In the gospel accounts, the woman who is linked to the washing of Jesus’ feet is described in Matthew, Mark, and Luke as a woman who enters the house, breaks open the alabaster jar, and washes Jesus’ feet. Here are those accounts:
Mat 26:6-13 KJV - 6 Now when Jesus was in Bethany, in the house of Simon the leper, 7 There came unto him a woman having an alabaster box of very precious ointment, and poured it on his head, as he sat at meat. 8 But when his disciples saw it, they had indignation, saying, To what purpose is this waste? 9 For this ointment might have been sold for much, and given to the poor. 10 When Jesus understood it, he said unto them, Why trouble ye the woman? for she hath wrought a good work upon me.
Mar 14:3-9 KJV - 3 And being in Bethany in the house of Simon the leper, as he sat at meat, there came a woman having an alabaster box of ointment of spikenard very precious; and she brake the box, and poured it on his head. 4 And there were some that had indignation within themselves, and said, Why was this waste of the ointment made? 5 For it might have been sold for more than three hundred pence, and have been given to the poor. And they murmured against her. 6 And Jesus said, Let her alone; why trouble ye her? she hath wrought a good work on me.
Luk 7:36-50 KJV - 36 And one of the Pharisees desired him that he would eat with him. And he went into the Pharisee's house, and sat down to meat. 37 And, behold, a woman in the city, which was a sinner, when she knew that Jesus sat at meat in the Pharisee's house, brought an alabaster box of ointment, 38 And stood at his feet behind him weeping, and began to wash his feet with tears, and did wipe them with the hairs of her head, and kissed his feet, and anointed them with the ointment.
These accounts are known as the synoptic gospels because these three gospels are very similar in their accounts of the life of Jesus. Scholars have suggested that the reason these accounts are so similar is because they copied off each other (see the illustration below). Mark, it is believed, was the first gospel and was a collection of sermon by Peter (remember that Mark was not a direct disciple of Jesus, but a disciple of Peter). Mark’s gospel was followed by Matthew- written by the apostle Matthew, followed by Luke (also not a direct disciple of Jesus), who also wrote the book of Acts. In each case, the writer added a little more to the story of Jesus first recorded by Mark.
But the gospel of John is not synoptic to the other three gospels, and as a result the account is slightly different. Here is that account:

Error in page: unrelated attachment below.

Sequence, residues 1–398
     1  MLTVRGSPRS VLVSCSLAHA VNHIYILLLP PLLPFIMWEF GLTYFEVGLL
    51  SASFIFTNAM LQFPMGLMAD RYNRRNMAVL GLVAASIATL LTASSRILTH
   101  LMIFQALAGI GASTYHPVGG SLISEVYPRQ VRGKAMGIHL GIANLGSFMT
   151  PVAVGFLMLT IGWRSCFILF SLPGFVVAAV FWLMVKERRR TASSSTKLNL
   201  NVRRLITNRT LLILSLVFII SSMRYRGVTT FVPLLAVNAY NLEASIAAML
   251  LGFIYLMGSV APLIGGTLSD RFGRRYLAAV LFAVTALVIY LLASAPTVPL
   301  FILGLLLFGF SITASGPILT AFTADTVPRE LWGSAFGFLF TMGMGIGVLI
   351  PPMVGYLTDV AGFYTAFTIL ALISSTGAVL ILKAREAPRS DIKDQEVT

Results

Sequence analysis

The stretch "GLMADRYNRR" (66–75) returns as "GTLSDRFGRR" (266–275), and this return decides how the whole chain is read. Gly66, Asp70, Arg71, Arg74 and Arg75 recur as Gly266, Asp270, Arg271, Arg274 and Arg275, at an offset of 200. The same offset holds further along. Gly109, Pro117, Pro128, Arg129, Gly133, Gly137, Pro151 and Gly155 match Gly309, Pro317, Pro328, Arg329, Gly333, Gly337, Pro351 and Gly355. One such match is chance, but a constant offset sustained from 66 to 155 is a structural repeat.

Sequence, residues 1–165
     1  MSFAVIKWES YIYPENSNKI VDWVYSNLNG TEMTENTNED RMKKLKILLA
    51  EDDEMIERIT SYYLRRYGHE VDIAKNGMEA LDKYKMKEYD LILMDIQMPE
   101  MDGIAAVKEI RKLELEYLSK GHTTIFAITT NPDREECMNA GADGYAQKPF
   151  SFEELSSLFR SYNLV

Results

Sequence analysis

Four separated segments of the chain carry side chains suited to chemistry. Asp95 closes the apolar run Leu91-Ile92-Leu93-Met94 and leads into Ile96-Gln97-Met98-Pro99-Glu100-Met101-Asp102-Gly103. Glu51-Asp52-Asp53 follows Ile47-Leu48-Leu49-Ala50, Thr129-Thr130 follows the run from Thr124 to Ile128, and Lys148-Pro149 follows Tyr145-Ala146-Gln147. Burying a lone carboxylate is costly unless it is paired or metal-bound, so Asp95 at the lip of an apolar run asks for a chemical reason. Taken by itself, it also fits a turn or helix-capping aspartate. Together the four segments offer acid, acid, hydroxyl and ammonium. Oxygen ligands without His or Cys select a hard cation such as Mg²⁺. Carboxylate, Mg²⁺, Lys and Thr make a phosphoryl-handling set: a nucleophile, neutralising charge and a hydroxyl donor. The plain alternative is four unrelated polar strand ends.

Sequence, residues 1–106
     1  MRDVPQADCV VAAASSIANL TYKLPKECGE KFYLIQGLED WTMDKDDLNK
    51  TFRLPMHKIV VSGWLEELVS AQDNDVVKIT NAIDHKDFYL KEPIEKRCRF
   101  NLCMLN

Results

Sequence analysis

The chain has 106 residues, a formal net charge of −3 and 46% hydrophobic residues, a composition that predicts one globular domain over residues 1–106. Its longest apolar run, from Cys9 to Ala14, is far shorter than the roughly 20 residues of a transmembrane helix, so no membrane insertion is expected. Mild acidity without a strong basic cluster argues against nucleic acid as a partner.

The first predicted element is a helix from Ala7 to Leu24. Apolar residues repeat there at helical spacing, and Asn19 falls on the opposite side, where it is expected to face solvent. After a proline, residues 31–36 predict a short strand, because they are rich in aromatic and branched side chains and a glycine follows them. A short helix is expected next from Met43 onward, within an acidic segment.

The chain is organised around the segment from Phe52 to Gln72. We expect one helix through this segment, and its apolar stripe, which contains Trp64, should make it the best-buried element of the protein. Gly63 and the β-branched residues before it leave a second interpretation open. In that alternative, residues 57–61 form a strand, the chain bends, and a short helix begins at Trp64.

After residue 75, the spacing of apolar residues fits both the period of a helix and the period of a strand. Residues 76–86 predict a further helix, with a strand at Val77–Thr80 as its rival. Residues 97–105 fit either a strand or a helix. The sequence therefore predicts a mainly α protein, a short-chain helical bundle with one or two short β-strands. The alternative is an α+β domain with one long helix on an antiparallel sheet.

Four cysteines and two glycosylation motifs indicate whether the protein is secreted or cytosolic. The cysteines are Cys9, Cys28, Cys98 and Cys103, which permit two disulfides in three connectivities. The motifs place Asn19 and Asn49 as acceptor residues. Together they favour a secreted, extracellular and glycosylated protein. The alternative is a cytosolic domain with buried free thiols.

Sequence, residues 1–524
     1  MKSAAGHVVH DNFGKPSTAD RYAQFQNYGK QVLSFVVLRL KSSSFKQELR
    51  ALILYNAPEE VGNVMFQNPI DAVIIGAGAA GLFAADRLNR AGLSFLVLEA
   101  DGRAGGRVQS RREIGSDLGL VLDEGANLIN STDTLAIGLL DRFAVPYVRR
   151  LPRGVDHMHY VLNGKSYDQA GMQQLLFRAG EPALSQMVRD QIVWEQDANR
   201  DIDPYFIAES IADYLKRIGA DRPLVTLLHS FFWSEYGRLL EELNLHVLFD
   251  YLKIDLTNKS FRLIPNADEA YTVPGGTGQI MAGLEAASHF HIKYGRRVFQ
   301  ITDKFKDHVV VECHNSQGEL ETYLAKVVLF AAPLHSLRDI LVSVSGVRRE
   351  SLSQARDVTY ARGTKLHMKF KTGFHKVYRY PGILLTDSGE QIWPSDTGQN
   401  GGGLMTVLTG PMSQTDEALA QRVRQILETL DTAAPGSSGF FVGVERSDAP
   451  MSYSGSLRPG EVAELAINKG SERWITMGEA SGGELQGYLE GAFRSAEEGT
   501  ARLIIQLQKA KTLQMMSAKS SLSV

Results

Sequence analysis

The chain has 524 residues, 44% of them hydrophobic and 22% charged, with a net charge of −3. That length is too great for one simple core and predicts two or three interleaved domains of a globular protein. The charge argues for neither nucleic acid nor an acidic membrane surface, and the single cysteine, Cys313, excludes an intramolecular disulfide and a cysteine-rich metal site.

Jhn 12:1-11 KJV - 1 Then Jesus six days before the passover came to Bethany, where Lazarus was which had been dead, whom he raised from the dead. 2 There they made him a supper; and Martha served: but Lazarus was one of them that sat at the table with him. 3 Then took Mary a pound of ointment of spikenard, very costly, and anointed the feet of Jesus, and wiped his feet with her hair: and the house was filled with the odor of the ointment.
So why the different accounts on the washing of Jesus’ feet? There may be a few reasons:
#1- There are two different incidents. One in which Mary anoints the feet of Jesus and one in which a stranger anoints the feet of Jesus. One incident occurs in Martha’s house and one in Simon the Leper’s house
#2- The name and the place of the anointed got lost in the oral tradition of the synoptic gospels, while John’s account retained the information
#3- The name and place was not retained in John’s account, but was retained in the synoptic gospel
#4- The incident occurs in Bethany, at the house of Simon the Leper, who may have been related to Lazarus, and who may have been a pharisee (remember that the pharisees are a sect of Judaism- and wildly popular in Jesus’ day). Or it may have taken place at the house of Martha, who was closely linked to Simon her relative. (We do not know, but they may have even lived in close proximity to each other, or even with each other). Mary is the woman who did the foot washing, and the synoptic gospels may have left her name out to protect her identity, or her name was simply lost over time. John chose not to exclude her name.
In my opinion #4 seems the most likely answer for a few reasons: 1) the people involved are the in all four accounts because they are probably related to each other 2) Mary is always pictured in Scripture as a very devoted follower of Christ, and 3) We often see Mary pictured at the feet of Jesus.
In all these cases where Scripture appears to be different between the gospels, always look for the similarities and explore the historicity before drawing your conclusions.